The Chicken or the Egg?
Should I attach the paper before or after painting? If I paint first, I can toss anything I’m not fond of and not waste the panel. But if I adhere the paper first, it stays flat — no buckling while painting, even loaded with water. So I tried it both ways and found, as often is the case, there’s not one right answer.
The good news is: either way works.
Adhering first there’s no need to stretch, the paper stays perfectly flat as I paint. I can leave the edges as an overhang to protect the wood, cover the wood with painter’s tape, or both.
Of course, that perfect balance between advance planning and spontaneity can be elusive. Painting before adhering to the panel does allow one to make decisions about the cradle later. I found using a larger cradle with exposed wood on the front face was a better look, overall. And stretching paper on a board for painting keeps the paper completely flat while working this way.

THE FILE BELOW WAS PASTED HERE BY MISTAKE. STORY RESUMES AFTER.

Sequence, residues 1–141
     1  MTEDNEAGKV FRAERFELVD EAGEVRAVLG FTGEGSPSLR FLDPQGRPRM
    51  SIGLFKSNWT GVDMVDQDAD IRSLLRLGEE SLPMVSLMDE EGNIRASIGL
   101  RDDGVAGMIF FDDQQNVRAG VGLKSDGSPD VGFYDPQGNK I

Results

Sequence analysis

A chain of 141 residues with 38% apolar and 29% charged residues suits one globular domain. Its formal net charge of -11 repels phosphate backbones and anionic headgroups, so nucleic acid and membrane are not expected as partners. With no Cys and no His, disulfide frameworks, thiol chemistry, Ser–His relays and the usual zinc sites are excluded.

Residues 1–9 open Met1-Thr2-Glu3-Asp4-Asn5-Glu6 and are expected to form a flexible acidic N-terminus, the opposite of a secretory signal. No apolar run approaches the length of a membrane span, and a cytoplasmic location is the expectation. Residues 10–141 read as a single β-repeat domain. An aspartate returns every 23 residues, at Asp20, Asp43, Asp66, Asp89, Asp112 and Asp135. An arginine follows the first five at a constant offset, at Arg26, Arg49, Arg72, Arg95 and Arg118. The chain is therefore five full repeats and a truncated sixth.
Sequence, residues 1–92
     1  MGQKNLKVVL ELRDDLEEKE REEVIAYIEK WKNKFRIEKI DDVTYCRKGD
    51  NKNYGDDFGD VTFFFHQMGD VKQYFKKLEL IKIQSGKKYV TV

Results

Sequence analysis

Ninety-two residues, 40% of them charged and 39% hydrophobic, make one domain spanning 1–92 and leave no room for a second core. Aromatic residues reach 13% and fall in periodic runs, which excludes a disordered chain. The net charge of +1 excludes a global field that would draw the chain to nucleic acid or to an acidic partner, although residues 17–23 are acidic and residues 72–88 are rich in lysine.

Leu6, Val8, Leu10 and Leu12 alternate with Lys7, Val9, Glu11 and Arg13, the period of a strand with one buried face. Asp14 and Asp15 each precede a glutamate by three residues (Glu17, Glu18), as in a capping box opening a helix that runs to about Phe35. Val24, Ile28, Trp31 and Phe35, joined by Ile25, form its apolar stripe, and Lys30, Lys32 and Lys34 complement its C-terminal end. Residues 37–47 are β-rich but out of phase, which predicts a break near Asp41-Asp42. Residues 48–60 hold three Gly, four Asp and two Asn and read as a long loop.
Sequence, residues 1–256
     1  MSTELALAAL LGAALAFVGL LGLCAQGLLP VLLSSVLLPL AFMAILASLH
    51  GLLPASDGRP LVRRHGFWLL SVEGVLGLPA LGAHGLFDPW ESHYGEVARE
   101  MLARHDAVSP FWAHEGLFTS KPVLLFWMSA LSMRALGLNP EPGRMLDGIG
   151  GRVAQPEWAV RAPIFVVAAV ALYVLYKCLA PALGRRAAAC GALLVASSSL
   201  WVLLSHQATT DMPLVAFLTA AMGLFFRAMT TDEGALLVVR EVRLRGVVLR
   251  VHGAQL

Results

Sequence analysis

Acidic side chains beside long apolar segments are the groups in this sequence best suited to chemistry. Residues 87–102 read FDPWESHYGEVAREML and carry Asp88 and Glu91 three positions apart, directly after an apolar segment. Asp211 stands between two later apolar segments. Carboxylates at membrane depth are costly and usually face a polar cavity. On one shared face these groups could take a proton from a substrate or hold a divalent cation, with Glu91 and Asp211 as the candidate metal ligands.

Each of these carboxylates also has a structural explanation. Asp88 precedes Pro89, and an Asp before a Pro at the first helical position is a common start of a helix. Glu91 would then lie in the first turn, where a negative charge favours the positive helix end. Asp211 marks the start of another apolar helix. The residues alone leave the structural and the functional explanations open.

This painting was started on a stretched piece of watercolor paper and transferred to the cradle after painting.
Here’s a similar painting of a magnolia blossom in progress, attached to panel first. You can see how it stays perfectly flat. Notice the paper extends beyond the cradle for easy trimming later.
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